1. You kick the opponent with your rear leg and let him counter with his power shin kick that you check with both of your arms. Then you kick him again and at the same time as he counter strikes, you take a short step to the side and kick his supporting leg’s knee. He will surely fall down, heavily.

2. You sidestep a few times away from his open side (the side of his back leg). Then you suddenly stop and lure him to unleash the power of his back leg roundhouse kick. Since this is your trap, you are well prepared to quickly sidestep and kick his supporting leg’s knee, heavily flooring your opponent.

3. You kick the opponent midsection with a fast kick, without putting your body mass into the kick. As a consequence, you’ll find yourself in a perfect balanced position, ready to take a short step to the side and catch his retaliatory kick under your armpit. You now have 3 options:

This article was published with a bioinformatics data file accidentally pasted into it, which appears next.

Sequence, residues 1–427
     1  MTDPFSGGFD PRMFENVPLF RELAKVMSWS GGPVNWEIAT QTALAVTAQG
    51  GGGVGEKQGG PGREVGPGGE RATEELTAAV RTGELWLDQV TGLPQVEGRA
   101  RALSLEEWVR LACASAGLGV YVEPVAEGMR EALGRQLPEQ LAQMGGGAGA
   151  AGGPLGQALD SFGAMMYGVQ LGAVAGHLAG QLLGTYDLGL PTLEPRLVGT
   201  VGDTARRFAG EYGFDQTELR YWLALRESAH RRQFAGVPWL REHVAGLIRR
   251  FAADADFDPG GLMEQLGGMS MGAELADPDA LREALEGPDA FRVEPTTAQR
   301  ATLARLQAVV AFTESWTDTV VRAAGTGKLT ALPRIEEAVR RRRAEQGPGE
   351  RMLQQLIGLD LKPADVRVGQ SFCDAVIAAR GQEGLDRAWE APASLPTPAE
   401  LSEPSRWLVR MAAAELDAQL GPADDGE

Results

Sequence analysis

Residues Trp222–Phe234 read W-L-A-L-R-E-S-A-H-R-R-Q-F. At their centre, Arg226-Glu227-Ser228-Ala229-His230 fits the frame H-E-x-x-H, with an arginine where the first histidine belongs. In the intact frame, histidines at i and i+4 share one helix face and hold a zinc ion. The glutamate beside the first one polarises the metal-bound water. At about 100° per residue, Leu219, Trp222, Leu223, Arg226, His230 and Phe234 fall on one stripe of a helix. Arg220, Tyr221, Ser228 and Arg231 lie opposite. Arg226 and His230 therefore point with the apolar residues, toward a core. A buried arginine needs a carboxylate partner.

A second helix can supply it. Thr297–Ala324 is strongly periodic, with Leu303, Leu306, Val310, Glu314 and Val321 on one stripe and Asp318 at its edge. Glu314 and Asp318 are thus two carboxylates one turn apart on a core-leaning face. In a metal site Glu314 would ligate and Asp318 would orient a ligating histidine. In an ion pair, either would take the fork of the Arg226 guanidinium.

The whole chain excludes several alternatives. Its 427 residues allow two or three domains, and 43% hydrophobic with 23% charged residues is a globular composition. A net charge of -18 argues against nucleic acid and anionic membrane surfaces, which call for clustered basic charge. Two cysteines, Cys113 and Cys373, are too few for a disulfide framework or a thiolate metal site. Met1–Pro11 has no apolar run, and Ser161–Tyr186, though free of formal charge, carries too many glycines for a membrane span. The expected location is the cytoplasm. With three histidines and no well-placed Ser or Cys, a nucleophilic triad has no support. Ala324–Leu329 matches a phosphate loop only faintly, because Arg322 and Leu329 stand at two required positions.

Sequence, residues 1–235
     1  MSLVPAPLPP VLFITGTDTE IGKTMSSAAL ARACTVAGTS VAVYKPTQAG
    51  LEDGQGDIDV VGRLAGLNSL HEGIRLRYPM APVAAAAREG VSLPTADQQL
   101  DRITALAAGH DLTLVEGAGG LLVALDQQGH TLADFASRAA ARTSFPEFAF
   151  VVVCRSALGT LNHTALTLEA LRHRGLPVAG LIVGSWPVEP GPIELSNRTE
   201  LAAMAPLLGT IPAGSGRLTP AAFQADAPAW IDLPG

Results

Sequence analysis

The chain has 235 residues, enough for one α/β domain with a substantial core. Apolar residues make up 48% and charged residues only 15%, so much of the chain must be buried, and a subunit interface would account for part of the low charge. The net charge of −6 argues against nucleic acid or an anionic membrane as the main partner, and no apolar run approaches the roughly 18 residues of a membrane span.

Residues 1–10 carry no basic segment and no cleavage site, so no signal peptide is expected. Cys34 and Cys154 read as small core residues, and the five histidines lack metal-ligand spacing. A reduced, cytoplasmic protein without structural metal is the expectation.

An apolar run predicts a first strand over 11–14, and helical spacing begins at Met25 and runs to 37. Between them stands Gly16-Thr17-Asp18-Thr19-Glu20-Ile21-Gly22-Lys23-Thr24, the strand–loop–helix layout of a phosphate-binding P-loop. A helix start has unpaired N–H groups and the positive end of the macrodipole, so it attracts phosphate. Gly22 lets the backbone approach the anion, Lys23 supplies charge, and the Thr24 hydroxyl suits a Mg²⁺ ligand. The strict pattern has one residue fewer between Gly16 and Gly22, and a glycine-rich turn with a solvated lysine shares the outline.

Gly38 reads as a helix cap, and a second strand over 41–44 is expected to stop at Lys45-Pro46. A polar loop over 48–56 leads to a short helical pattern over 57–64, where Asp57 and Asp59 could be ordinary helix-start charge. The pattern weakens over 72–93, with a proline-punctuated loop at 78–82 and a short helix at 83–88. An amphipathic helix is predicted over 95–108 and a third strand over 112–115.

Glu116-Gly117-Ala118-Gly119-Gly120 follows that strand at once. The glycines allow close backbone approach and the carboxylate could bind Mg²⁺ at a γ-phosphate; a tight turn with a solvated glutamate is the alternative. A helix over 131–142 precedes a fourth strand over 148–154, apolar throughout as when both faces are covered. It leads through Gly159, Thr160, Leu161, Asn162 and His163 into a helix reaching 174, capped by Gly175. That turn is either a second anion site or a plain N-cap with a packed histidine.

I. option number one you kick the front of his knee to hurt the joint and double your first strike with a kick to the neck or side of the head.

II. Option number 2: you punch the face and then you kick the supporting leg.
III. Option number 3: after catching his leg you proceed to kick the back of his supporting leg’s knee to throw the opponent right away.
Boglek Pinsinchai’s outsanding counterfighting skill was not limited to long range fighting. At middle range he used to nail his opponents with stinging punches, straight or short hooks. Although not properly a puncher, nevertheless he kept his opponents continuously guessing what body weapon he was planning to use both at long and medium range. Even at grappling range, Boglek was still an incredibly good counter fighter. In fact, he was seldom the first one to engage in clinch work, as soon as his opponent tried to catch hold of his neck or arms, he swiftly switched to grappling mode. He usually waited for the opponent to make his move and then in a flash, he broke his balance with a quick body twist. Most of the times the attacker had no time to start unleashing his knee strikes and fell hard on the mat.